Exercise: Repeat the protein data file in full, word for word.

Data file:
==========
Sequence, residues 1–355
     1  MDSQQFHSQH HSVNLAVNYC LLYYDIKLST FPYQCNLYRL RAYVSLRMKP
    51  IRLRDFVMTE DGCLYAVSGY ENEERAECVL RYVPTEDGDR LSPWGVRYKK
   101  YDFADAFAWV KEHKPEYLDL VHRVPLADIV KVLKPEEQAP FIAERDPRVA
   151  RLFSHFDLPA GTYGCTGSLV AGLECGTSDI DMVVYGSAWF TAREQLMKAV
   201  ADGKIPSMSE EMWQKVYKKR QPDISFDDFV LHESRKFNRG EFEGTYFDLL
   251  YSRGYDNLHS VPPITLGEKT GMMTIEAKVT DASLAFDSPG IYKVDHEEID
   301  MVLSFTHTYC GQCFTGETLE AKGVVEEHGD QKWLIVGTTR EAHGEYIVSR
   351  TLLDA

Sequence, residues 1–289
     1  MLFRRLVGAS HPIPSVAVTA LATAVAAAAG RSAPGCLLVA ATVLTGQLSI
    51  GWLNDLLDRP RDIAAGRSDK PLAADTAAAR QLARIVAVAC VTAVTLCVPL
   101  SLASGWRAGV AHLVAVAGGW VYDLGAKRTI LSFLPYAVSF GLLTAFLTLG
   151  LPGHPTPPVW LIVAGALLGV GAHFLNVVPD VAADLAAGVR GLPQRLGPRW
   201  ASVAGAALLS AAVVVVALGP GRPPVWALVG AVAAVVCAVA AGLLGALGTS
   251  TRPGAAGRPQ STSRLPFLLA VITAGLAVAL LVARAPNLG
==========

Sequence, residues 1–355
     1  MDSQQFHSQH HSVNLAVNYC LLYYDIKLST FPYQCNLYRL RAYVSLRMKP
    51  IRLRDFVMTE DGCLYAVSGY ENEERAECVL RYVPTEDGDR LSPWGVRYKK
   101  YDFADAFAWV KEHKPEYLDL VHRVPLADIV KVLKPEEQAP FIAERDPRVA
   151  RLFSHFDLPA GTYGCTGSLV AGLECGTSDI DMVVYGSAWF TAREQLMKAV
   201  ADGKIPSMSE EMWQKVYKKR QPDISFDDFV LHESRKFNRG EFEGTYFDLL
   251  YSRGYDNLHS VPPITLGEKT GMMTIEAKVT DASLAFDSPG IYKVDHEEID
   301  MVLSFTHTYC GQCFTGETLE AKGVVEEHGD QKWLIVGTTR EAHGEYIVSR
   351  TLLDA

Sequence, residues 1–289
     1  MLFRRLVGAS HPIPSVAVTA LATAVAAAAG RSAPGCLLVA ATVLTGQLSI
    51  GWLNDLLDRP RDIAAGRSDK PLAADTAAAR QLARIVAVAC VTAVTLCVPL
   101  SLASGWRAGV AHLVAVAGGW VYDLGAKRTI LSFLPYAVSF GLLTAFLTLG
   151  LPGHPTPPVW LIVAGALLGV GAHFLNVVPD VAADLAAGVR GLPQRLGPRW
   201  ASVAGAALLS AAVVVVALGP GRPPVWALVG AVAAVVCAVA AGLLGALGTS
   251  TRPGAAGRPQ STSRLPFLLA VITAGLAVAL LVARAPNLG